Whether the defendant affirmatively concealed its knowledge of defects known to cause injury. Having learned that its safety testing was defective or that its product has defects causing injury that can be either remedied or warned against, a defendant that conceals the evidence of such defects in order to make its product more marketable is engaged in far more reprehensible conduct than a defendant that is “upfront” with itself and with consumers by taking corrective measures. To be sure, a defendant need not disclose every step of its design and testing process or every conclusion it draws along the way. But defendants that learn of risks and actively try to suppress them and keep them secret are more likely to warrant punishment and need deterrence.15

Reaction to Subsequent Injuries. When a manufacturerdefendant’s product causes injuries after its sale to consumers, another useful gauge of its reprehensibility is the defendant’s reaction. Its reaction is, of necessity, dependent on its knowledge or belief about the cause of the injuries. If, for example, people are harmed only when the product is used criminally (e.g., a gun) or misused (e.g., a folding table as a toboggan), the defendant is not acting reprehensibly in concluding that its product is not the cause of the injuries. Additional factors to evaluate reprehensibility in a product liability case should include:

Whether the defendant has erected a mechanism for receiving customer complaints and monitoring product safety. A defendant that has set up a system for accepting customer complaints and for monitoring reported injuries is more likely to be aware when injuries can be traced to a common defect and is less likely to be willfully blind to the knowledge that a product defect is the cause of injuries. Such a system enables a defendant to react more quickly. It is the type of behavior to be encouraged (not punished or deterred), and it consequently cuts against an award of punitive damages.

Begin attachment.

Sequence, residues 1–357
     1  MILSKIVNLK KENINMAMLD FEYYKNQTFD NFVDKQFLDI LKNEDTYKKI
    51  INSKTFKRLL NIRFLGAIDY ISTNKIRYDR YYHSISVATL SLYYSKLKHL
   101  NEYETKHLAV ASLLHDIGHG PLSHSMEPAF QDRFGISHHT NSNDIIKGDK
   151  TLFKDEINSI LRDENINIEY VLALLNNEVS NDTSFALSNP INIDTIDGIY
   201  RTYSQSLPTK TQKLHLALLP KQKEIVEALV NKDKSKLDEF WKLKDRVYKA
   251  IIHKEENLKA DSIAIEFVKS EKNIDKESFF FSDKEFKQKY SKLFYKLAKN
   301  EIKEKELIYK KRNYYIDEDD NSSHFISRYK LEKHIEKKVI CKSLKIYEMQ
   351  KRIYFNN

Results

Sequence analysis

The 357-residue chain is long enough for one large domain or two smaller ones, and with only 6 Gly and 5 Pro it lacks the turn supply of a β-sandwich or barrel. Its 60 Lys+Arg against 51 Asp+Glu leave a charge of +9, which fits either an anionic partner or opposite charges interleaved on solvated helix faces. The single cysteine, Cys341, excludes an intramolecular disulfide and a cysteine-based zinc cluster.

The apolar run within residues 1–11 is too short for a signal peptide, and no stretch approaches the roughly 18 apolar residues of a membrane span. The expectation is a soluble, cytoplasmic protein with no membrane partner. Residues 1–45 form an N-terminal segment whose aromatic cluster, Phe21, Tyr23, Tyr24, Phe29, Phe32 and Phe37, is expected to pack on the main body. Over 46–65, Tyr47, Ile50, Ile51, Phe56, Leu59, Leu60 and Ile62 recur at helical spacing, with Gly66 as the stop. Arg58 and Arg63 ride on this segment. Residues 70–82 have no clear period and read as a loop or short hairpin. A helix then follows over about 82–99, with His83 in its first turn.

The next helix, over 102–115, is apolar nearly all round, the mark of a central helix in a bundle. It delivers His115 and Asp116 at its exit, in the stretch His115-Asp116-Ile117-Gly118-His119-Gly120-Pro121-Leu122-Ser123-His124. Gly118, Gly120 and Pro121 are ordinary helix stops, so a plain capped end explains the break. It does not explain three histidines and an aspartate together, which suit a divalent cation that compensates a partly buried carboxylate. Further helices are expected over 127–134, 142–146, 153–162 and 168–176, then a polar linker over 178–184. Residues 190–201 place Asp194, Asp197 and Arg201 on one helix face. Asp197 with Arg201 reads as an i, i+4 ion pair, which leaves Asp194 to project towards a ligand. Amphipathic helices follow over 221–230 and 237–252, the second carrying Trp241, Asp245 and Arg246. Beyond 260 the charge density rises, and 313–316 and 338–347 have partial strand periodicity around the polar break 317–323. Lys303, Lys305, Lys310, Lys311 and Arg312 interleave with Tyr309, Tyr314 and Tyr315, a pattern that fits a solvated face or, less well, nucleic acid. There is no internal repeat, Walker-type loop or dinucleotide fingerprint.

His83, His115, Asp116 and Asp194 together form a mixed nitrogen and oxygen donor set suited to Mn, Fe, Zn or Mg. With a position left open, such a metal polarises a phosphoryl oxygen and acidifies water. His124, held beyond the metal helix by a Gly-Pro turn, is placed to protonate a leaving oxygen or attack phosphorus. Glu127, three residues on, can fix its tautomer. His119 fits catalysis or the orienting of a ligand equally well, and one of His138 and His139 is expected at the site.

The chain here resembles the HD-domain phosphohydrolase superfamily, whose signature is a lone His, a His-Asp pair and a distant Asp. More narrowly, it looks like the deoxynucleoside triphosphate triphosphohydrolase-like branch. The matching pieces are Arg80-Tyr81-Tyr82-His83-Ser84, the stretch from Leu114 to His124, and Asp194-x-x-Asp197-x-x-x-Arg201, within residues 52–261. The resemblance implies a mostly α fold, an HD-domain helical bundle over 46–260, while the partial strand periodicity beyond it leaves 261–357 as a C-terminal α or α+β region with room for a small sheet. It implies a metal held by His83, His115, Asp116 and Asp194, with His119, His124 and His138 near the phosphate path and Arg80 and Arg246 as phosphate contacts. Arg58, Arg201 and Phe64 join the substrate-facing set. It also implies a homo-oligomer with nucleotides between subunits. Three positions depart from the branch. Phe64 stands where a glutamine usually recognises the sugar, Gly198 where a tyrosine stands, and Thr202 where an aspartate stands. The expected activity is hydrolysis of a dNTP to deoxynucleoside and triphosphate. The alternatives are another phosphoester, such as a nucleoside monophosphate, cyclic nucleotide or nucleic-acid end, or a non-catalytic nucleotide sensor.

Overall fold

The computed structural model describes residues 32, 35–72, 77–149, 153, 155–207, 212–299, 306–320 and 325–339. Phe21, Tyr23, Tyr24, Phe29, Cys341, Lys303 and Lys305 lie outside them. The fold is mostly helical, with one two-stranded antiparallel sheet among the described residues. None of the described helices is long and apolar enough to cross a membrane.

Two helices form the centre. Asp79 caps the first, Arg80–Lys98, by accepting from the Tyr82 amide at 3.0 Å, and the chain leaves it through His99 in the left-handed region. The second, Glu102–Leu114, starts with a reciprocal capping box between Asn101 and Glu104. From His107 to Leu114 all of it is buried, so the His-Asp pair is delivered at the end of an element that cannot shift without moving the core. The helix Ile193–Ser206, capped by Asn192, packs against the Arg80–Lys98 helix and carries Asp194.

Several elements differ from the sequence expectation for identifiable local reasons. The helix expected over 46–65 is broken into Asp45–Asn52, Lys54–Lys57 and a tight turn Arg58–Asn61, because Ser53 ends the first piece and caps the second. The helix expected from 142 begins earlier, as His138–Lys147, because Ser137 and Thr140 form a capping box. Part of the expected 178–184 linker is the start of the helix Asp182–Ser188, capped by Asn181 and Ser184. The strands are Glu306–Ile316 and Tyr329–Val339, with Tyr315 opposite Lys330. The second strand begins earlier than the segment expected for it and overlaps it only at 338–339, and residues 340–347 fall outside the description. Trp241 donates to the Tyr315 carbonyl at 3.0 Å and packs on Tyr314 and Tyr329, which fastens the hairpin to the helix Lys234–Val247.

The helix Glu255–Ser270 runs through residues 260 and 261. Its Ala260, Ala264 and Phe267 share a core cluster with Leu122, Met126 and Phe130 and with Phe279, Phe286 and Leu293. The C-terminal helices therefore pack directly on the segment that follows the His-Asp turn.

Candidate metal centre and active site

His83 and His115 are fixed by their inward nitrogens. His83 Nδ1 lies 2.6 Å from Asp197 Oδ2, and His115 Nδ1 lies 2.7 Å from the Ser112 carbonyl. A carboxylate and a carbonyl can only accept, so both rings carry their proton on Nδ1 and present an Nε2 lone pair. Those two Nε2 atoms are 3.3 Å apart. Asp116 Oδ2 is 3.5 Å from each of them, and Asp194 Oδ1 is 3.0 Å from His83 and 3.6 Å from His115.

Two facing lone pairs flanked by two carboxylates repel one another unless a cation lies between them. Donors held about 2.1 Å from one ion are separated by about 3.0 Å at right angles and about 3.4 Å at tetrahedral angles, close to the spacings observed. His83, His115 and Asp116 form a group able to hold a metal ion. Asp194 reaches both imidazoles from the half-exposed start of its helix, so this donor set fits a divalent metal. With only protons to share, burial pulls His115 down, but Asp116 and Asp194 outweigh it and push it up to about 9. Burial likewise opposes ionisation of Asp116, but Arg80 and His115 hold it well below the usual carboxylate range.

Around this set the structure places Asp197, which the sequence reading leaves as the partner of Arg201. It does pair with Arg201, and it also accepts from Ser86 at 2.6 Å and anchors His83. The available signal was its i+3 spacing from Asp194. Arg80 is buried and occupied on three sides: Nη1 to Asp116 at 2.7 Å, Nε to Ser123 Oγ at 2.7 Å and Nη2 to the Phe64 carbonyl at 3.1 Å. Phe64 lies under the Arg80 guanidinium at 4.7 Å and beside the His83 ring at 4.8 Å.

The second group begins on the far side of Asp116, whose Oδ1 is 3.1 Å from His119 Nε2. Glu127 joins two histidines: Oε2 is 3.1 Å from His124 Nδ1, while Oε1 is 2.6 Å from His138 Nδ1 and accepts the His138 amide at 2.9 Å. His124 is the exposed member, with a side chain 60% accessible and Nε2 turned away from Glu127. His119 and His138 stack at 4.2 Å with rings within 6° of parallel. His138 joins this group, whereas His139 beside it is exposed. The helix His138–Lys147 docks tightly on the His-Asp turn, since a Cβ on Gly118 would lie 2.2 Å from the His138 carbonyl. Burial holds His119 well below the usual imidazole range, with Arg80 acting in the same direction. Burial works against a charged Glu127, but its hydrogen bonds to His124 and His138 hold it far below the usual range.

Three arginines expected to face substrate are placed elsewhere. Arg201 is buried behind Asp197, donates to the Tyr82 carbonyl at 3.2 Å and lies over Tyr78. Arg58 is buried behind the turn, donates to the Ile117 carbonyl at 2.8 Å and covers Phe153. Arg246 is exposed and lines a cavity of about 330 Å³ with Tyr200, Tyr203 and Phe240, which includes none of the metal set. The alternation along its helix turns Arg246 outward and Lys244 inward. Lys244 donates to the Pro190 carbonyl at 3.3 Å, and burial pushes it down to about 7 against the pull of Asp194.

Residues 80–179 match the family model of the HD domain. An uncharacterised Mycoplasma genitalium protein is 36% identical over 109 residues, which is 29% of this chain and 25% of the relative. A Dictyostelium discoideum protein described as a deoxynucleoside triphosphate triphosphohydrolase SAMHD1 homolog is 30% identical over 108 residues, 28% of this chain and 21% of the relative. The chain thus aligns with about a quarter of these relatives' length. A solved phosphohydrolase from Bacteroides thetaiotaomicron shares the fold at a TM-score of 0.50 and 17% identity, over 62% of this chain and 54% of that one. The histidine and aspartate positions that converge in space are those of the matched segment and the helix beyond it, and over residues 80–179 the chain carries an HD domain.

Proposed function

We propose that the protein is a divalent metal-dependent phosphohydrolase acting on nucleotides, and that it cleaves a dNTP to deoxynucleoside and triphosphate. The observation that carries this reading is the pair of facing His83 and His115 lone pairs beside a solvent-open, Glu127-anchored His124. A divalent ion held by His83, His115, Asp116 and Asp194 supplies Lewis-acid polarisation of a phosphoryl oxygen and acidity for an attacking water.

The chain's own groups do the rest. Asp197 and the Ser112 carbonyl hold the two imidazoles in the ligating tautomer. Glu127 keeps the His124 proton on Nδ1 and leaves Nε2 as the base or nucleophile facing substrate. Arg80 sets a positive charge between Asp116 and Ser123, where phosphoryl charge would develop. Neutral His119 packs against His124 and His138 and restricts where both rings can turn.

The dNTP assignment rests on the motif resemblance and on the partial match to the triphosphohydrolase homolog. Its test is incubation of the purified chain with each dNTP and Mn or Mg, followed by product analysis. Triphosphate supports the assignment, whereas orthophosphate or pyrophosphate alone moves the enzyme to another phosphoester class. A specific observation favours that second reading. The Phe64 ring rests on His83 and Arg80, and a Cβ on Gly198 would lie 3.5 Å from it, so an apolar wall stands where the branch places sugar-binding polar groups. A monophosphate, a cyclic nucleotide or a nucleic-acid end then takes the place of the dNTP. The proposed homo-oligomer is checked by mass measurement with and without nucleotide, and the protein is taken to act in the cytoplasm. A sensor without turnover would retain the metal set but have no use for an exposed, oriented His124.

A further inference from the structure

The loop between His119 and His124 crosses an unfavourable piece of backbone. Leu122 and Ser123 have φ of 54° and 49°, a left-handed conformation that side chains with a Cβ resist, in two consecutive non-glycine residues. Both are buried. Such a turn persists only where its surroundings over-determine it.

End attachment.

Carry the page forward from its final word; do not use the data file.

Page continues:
Whether and how the defendant has investigated productrelated injuries. A defendant that knows of repeated productrelated injuries and, in the face of such information, makes the conscious decision not to investigate the cause of those injuries (through further product testing or otherwise) acts more reprehensibly than a defendant that attempts to ascertain whether its product is defective and has played any role in those injuries. A defendant’s failure to conduct extensive testing immediately after the first product-related injury is unlikely to be of any significance, for the justification and need for testing will likely not be apparent at first and may grow (or dissipate) over time. The jury’s role here is to assess whether the testing that was done was appropriate given the surrounding circumstances, which tie directly to whether that reaction was more understandable (and hence less reprehensible) or more callous (and hence more reprehensible).16 Along the same lines, a defendant’s cooperation with any outside investigations indicates a willingness and desire to ascertain any defects and is to be encouraged, thus weighing against a finding of greater reprehensibility.